Triple take: Pendergraft Family enjoys triathlons

by Donna Lampkin Stephens

Two Conway teenagers are among the country’s best youth triathletes.

Brothers Bryan, 15, and Garrett Pendergraft, 14, sons of Buck and Kim Pendergraft, finished fourth and 59th, respectively, in the USA Triathlon Youth Junior National Championship in West Chester, Ohio, in August. The field contained 75 qualifiers ages 13-15.

Kim Pendergraft said nearly all the other athletes were heavily coached and trained with a team.

“[Because] there is not a youth team anywhere around Central Arkansas, they have pretty much trained on their own and done well,” she said.

Bryan, who completed the course (375-meter mass start open-water swim, 6.2-mile draft legal bike and 1.5-mile run) in 31 minutes, 46.63 seconds, was eight seconds off the podium and 38 from second behind Zach Wilson of Carmel, Ind.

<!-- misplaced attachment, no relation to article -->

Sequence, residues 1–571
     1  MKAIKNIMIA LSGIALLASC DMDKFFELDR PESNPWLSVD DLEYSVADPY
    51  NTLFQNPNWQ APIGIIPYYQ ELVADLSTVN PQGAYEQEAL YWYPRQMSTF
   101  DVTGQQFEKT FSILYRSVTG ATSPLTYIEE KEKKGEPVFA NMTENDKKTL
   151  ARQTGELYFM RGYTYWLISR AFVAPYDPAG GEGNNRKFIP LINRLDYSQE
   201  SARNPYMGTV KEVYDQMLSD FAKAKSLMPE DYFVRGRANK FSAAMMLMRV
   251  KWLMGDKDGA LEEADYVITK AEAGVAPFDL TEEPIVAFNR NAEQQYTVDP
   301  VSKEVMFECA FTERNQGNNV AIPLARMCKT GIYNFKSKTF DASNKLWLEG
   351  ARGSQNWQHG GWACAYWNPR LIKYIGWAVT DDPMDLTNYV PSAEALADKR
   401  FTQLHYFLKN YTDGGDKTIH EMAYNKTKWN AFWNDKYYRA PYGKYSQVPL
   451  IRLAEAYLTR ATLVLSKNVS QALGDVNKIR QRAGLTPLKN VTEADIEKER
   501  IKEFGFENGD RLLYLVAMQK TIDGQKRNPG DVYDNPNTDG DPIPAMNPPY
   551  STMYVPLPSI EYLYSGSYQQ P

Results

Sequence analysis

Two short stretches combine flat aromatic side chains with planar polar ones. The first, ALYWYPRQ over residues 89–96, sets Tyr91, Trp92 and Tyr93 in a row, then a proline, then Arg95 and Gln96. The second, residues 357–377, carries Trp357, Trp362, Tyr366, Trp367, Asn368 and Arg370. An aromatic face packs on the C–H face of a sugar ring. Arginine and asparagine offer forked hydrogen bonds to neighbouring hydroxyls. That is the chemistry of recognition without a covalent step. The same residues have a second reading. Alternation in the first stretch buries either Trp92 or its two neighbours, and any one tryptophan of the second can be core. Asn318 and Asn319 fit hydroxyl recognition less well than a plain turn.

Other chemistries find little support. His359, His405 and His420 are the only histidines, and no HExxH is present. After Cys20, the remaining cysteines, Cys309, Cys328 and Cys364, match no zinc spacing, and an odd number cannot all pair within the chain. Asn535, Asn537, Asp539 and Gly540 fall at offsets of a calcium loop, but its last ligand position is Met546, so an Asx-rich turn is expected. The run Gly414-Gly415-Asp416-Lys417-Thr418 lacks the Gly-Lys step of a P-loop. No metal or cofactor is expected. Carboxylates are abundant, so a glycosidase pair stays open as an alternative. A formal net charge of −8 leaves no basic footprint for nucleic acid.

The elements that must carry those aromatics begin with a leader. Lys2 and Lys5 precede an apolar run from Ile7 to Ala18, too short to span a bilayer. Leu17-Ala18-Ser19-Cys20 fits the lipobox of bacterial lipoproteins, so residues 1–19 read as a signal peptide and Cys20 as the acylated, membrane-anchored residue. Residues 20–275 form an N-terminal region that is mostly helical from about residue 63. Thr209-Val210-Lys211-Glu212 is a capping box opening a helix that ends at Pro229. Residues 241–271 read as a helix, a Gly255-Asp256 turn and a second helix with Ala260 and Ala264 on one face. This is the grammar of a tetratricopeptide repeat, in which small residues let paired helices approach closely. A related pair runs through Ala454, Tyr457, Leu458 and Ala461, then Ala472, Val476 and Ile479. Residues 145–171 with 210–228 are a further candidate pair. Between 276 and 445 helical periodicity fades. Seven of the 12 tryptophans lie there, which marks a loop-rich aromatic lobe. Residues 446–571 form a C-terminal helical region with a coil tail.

But he was invited to USA Triathlon’s Junior Elite Men’s Mini-Camp at the Olympic Training Center in Colorado Springs in November, where he was to join 12 other male elite triathletes ages 15-17.

Bryan said he was looking forward to the opportunity.

“I think just going there and getting some motivation, getting some insight, and just getting to hang out and asking questions and train with them — just get some coaching,” he said of what he hoped to accomplish.

Garrett finished nationals in 36:26.16.

Kim Pendergraft said the boys’ unexpected national success had come only in the last year.

“I had no idea how good they were,” she said. “I just knew that no matter where we went, Bryan has won his age group or the overall title and set some course records.”

In fact, you could call the Pendergrafts Conway’s first family of the triathlon.

The boys’ foster sister competes in triathlons, and little sister Rebekah also competed in her age division at West Chester, placing 16th among 20 in the 8-year-old girl division.

“She loves to compete,” Kim said.

Obviously, it’s a family trait.

The Pendergrafts’ triathlon experience began with the 2010 Conway Kids Triathlon, when Bryan was 10 and Garrett 9.